Then comes the guilt when I don't.

And when the other person sends a reminder.

I'm petrified. Beat myself up over the fact I don't have the time, that I got so far behind, how important it is for an author to respond to reader email. Or finally do all the beta-reading I've promised, or the pile of books I have to read for the Rainbow Awards, or to maintain my networks and stay in touch with friends and contacts and could-be-friends. I've been unable for a week now to book my flights to Atlanta. I don't seem to have the focus to do it.

When, a few days ago, I received edits on a story of less than 55k words, and there were 1,100 comments on it, I damn near lost my shit and broke into tears.

I'm working on an edit with just 100 comments on 84k words, and it takes every ounce of willpower I have to tackle those - one after the other. I'm convinced the book is shit. I'm terrified to cost my publisher money rather than earn some, because it's one of those books that won't sell in any meaningful quantity. But hat latter part is just normal author anxiety.

The other shit is far more serious.

I've spent a lot of time thinking about what I want to call the "age of the micro-celebrity", and in its current form, it's not working for me. So I need to re-think everything, from the ground up.

In the last three years, I've basically never stopped working. In the last roughly 12 months, I've ramped that up - significantly. I've massively increased my wordcount and productivity. What time I didn't spend writing, I spent on putting myself out there. Twitter. Goodreads. Facebook. Hundreds and hundreds of emails.

I've had that shining vision in my head that's at the core of all capitalist systems: "I shall work HARDER."

Yeah, because that's the answer.

I got to the point where even a snide review prefaced with "I didn't actually buy this book, I borrowed it, and, BTW, this really sucks because . . ." stressed me like fuck. So here I am, working HARDER and ...

. . . and nothing.

That's people's right. Go for it. None of my business.

I got to the point where a whole swarm of reviewers descending like the harpies from hell onto a debut author for no other reason than spite, sexism and to pay back on an imagined slight ruined my day. And . . .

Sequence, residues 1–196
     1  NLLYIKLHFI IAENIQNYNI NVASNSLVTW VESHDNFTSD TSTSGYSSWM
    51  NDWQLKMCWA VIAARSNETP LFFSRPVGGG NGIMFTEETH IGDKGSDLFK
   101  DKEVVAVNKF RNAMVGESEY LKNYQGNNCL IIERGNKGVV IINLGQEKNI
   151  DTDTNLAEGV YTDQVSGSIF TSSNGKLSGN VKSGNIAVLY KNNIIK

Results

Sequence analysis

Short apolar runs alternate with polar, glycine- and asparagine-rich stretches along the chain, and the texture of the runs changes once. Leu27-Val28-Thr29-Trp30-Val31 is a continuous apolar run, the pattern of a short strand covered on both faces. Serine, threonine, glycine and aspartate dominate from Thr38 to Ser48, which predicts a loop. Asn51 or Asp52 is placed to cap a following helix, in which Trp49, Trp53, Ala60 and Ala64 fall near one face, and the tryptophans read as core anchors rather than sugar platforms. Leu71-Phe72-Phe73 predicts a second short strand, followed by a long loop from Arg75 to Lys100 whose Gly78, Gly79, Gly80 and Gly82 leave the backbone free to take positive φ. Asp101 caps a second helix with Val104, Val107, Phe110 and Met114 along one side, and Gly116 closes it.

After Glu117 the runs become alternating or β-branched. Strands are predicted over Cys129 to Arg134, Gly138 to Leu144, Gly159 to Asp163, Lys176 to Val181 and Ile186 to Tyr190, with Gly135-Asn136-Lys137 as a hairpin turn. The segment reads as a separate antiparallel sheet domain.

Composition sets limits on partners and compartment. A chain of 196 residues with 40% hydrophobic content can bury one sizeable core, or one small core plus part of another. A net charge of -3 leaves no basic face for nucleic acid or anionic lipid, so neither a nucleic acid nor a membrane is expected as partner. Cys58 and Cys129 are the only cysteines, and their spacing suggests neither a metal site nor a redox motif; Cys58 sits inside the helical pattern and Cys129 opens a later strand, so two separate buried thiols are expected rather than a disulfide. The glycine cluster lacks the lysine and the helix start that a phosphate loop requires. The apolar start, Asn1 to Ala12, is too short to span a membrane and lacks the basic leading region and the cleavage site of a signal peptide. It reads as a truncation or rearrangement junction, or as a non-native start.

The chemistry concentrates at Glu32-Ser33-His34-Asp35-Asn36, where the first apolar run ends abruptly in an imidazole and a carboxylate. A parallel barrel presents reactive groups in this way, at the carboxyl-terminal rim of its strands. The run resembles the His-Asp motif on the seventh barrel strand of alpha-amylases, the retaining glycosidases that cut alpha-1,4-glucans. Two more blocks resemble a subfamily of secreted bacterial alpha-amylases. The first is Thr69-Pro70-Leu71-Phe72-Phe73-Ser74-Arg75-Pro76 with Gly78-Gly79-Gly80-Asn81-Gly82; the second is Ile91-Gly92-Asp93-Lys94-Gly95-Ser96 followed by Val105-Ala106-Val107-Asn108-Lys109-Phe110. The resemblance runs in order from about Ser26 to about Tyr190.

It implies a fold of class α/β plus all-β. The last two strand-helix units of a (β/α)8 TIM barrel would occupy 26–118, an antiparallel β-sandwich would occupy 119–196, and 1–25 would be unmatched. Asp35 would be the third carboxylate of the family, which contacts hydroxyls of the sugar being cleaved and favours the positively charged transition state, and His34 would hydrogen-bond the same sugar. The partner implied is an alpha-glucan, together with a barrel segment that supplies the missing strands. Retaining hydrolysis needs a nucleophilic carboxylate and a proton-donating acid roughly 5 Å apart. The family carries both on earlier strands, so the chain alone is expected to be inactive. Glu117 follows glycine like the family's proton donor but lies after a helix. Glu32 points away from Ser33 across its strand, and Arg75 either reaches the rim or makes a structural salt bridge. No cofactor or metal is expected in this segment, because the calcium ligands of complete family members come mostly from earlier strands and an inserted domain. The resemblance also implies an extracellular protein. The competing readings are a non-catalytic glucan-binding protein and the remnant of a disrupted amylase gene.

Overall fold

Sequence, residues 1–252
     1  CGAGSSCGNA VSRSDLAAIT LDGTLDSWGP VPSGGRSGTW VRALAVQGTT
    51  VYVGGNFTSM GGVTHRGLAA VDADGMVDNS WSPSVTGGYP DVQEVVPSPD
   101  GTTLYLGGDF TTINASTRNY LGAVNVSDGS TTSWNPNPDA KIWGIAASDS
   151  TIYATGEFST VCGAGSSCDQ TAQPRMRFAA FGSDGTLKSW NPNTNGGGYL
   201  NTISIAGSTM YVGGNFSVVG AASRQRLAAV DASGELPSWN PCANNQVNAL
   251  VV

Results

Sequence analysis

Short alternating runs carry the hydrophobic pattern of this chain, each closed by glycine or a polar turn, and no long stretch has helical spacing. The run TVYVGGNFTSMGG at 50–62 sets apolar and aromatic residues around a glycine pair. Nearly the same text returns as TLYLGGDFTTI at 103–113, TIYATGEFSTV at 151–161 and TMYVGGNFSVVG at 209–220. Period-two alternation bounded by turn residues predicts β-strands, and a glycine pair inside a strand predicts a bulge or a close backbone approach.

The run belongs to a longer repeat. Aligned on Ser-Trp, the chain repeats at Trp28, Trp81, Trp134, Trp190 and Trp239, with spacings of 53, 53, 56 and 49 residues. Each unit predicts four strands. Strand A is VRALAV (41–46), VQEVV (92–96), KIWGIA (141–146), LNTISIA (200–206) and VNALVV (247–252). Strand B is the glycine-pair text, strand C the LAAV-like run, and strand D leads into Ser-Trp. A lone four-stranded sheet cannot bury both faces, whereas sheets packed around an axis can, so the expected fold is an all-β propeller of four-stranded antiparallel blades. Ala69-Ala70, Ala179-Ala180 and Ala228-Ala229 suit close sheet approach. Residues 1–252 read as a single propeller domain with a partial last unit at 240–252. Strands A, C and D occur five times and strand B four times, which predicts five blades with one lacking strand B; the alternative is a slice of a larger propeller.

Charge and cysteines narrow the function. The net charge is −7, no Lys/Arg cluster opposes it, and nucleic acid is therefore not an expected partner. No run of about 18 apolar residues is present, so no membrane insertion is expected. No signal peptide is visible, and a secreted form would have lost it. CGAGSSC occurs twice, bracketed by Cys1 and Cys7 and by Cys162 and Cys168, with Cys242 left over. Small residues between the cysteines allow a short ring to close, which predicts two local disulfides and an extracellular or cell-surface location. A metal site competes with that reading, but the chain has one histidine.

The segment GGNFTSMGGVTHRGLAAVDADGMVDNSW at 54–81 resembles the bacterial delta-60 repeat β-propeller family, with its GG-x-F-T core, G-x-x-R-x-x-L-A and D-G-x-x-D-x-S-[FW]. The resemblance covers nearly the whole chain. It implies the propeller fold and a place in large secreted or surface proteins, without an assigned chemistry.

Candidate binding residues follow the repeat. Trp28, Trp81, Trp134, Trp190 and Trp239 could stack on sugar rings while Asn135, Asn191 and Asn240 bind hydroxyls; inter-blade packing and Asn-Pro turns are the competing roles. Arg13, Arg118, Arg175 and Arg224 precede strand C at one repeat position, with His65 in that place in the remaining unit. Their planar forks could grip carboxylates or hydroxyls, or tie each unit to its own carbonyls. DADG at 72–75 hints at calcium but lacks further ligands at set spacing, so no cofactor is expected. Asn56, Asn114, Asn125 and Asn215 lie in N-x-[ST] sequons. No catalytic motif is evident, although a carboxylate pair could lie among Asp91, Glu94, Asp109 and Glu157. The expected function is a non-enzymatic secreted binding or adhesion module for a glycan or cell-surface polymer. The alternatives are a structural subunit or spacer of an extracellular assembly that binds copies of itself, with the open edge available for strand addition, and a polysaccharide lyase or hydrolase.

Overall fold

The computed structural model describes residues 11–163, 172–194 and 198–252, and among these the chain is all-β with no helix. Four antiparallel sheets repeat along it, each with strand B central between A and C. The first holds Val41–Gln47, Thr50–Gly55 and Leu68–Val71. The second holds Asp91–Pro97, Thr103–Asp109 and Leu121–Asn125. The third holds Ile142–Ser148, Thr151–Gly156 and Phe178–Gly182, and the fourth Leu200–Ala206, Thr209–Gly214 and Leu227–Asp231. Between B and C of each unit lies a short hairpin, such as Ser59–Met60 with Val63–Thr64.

and nothing.

That's how the game is played.

Go tough or go home.

With every tiny nuisance ("MOM, SOMEBODY IS BEING AN ASSHOLE ON THE INTERNET! CALL THE WAAAAAAMBULANCE!") penetrating right to the bone - every snide comment, every "counted coup" against an author or a book, I got more stressed. Any time spent on social media turned into exposing myself to more stress. The actual events/words/comments? Totally harmless - that's what I want to believe. I want to think that, as the camel was already so heavily loaded, all I encountered were straws, not the tree trunks they felt like.

I ended up spending a huge amount more time being stressed and freaked out and on social media than writing. I knew it was getting too much. I felt it coming.

But that's how sales happen. Be a brand, be EVERYWHERE, and people will buy your stuff - that's what the marketing people tell authors all day.

Well, I'm not Coca-Cola. Not even Gilette. Really.

I don't have a marketing team. I don't want to be a brand. I'm a writer, and I've almost, 99%, unlocked the burnout achievement.

Go me.

When the nasty voices on Twitter and Goodreads are louder than my inner voices, I know I'm in trouble. When I lie awake at night in my partner's arms, quite literally fighting tears of exhaustion and anxiety, I know my WRITING is in trouble.

So, yeah, it's not worth it. (Which is what my partner said. The Dude Speaks Wisdom.)

I'm scaling back. I've already left pretty much all Goodreads group. Unfollowed just about everybody on Twitter. Facebook is less of a problem, apparently. I'm so, so tempted to just delete those 1,835 messages that all want my attention. It's that or not writing.

I honestly thought I could do it. I've done the numbers, things were moving in the right direction, and they still are. Hell, I have an bestseller as we speak. Best rank, best sales in my English-language writing life.

I'll just work HARDER, I thought. Can be done. You got a talent, this is your one shot to do the one thing you're burning for in life. Your ONE ability. Your ONE talent. You owe it to the world.

Don't waste it.

And . . .


I got nothing left. I just know I don't want to kill myself being "on" 24/7. I can't deal with all the toxic waste. Most days, and definitely recently, I can't deal with humanity. I'm too stressed to even write a fucking birthday greeting to a reviewer I appreciate. I'm too stressed to answer questions for the most basic of interviews.

The financial situation being what it is, I cannot dream to go part-time, let alone full-time.

Royalties will be money to shorten my mortgage term, and buy a suit every couple years. I gave it a shot, and I ended damn near destroying my will to write.

Moving on . . .

I have some joy left for Scorpion3, which won't sell, and I know it, as well as the Market Garden series, because that's just a ball of fun. (And Lori's been a champion throughout.)